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Bebop In Black & White 

Library hosts stunning jazz exhibit

Gallery L at the Main Library celebrates its first year of existence with Portraits for The Golden Age of Jazz: Photographs by William P. Gottlieb.

Gottlieb gives a sober and clear eyed view of a time when America's only homegrown music burned hottest. It was the 1940s, on 52nd Street between 5th and 6th Avenue in NYC. One city block where the stars suddenly aligned in a confluence of talent bright enough to light that street for the next five years, and hot enough to change American music forever.

The names alone shine: Satchmo, Duke, Dizzy, Billie and Bird. Thelonious, Ella, Miles. Each of these legends and many lesser luminaries were captured by writer and self-taught photographer William Gottlieb as he roamed and recorded swing street events. Gottlieb stilled his subjects long enough to preserve a visual record of a time, a place and the players few others found reason to document. These portraits allow us to put a face on a music impossible to convey in words. (That's not to say that the jazz-immersed devoted don't keep trying.)

Gottlieb began writing about jazz for the Washington Post in 1938. After a few weeks, the Post told Gottlieb they would no longer spring for the cost of a staff photographer to provide images for his weekly Jazz column. That wouldn't do. Gottlieb bought a Speed Graphic, that unwieldy, behemoth clunker of a camera used by newspapermen of the day. He tamed the beast and managed to convince his subjects, the then and future greats of jazz, to hold that pose.

The best portrait painters and photographers manage to let us think we know these people, or at least see a piece of us in them. Perhaps for Mr. Gottlieb, his unabashed devotion to this music and these people made up for his inexperience with the camera. Or maybe he was just a lucky natural behind the camera. Whatever. The results are great.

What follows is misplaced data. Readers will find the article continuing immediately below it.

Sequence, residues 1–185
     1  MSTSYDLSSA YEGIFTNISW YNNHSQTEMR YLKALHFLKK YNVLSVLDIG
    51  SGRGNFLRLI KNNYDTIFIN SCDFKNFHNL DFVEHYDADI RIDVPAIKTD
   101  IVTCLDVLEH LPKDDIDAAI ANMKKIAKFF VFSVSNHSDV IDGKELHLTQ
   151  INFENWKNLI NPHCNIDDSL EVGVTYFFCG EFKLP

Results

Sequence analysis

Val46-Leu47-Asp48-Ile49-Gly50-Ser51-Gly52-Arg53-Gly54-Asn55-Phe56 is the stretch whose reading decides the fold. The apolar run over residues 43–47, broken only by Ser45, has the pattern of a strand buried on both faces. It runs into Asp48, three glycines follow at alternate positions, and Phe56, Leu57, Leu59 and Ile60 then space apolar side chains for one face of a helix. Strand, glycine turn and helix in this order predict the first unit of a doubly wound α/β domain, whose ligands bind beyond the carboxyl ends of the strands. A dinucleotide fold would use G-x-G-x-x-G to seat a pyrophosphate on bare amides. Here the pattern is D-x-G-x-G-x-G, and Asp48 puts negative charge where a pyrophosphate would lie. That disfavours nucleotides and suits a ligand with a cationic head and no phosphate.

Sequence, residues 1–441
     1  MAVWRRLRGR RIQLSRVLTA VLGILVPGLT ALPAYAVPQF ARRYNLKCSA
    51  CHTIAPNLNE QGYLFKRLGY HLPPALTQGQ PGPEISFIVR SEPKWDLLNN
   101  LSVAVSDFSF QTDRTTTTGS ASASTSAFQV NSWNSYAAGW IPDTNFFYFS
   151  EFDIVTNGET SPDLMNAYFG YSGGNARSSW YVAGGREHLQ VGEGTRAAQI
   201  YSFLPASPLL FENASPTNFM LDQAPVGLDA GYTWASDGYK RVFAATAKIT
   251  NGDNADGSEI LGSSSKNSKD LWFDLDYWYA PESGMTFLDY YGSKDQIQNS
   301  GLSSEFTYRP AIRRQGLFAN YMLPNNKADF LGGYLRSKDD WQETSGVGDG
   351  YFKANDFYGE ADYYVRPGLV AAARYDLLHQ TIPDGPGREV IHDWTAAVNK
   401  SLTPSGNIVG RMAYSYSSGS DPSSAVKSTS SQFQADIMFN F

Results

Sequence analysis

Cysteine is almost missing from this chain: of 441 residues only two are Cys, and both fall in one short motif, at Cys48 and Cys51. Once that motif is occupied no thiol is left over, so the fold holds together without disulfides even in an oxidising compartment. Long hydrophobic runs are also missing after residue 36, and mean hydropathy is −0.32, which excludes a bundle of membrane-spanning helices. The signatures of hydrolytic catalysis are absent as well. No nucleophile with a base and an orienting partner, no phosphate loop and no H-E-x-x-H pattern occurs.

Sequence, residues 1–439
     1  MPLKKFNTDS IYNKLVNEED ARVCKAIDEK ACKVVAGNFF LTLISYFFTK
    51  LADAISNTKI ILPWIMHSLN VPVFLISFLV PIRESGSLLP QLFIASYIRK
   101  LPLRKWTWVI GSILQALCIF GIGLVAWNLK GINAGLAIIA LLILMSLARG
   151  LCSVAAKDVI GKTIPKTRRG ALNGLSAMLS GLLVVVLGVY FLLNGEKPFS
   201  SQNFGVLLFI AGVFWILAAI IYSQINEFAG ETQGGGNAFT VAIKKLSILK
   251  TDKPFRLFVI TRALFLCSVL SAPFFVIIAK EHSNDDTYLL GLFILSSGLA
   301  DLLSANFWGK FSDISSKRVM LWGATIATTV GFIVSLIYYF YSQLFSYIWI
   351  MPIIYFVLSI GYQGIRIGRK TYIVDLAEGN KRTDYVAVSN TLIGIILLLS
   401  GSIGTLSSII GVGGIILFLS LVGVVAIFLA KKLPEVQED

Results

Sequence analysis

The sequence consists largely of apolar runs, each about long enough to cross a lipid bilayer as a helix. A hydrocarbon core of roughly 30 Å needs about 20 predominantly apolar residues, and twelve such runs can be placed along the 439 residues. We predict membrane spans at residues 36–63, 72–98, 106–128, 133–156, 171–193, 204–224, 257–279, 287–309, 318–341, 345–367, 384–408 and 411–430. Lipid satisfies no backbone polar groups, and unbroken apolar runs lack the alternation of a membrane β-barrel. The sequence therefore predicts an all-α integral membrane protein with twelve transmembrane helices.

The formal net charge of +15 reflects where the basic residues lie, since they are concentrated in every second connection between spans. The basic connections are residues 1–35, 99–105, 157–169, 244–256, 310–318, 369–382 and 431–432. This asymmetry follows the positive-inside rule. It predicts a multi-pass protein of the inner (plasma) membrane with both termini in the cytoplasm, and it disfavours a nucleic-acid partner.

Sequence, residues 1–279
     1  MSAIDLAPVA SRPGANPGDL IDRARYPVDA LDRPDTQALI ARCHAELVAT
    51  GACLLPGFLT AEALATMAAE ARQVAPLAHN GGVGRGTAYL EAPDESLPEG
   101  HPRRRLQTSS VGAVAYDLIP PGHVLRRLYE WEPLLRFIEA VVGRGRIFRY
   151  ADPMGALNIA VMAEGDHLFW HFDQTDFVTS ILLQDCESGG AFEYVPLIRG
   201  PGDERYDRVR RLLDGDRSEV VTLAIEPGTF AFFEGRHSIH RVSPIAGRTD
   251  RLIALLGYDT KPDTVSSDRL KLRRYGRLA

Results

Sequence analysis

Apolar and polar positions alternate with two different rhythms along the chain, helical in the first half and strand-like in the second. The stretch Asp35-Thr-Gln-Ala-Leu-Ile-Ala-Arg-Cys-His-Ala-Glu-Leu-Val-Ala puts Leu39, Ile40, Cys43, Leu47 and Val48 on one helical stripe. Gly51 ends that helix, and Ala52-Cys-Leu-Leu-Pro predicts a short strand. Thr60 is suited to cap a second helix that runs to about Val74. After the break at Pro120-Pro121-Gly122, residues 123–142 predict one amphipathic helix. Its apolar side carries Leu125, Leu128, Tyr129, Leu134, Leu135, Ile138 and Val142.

For those of us who know Jazz about as well as Afghani surnames, Gottlieb's talents as a writer are very welcome. Each photograph is accompanied by his notes on the music, the moment, the men and women. You can tell the man was a writer first. I have suffered many a crappy blurb accompanying visual art, and these intros to his photographs are easy to read, pithy, and only occasionally poignant. Not a drop of saccharine, thank you.

Charlie "Bird" Parker is shown sitting with his devoted disciple, Robert "Red" Rodney. They sit shoulder to shoulder in 1946, looking for all the world like segregation is just a bad dream. Their eyes are fixed on Dizzy Gillespie playing his horn. We see Dizzy reflected in the mirror behind Bird and Red. Bird's eyes, here as in all the photos of him, are open wide open, entranced. Everyone is wearing a suit.

Gottlieb tells us about Charlie Parker: "Bird was widely acknowledged to be the supreme jazz genius of his time. He was also widely acknowledged to be the most self destructive. Drugs. Alcohol. You name it. But somehow his musical talents prevailed over his worse excesses. When he was blowing, Bird could effortlessly produce chorus after chorus of wondrous improvisations. He could turn standard tunes into amazing melodies no one had ever heard before."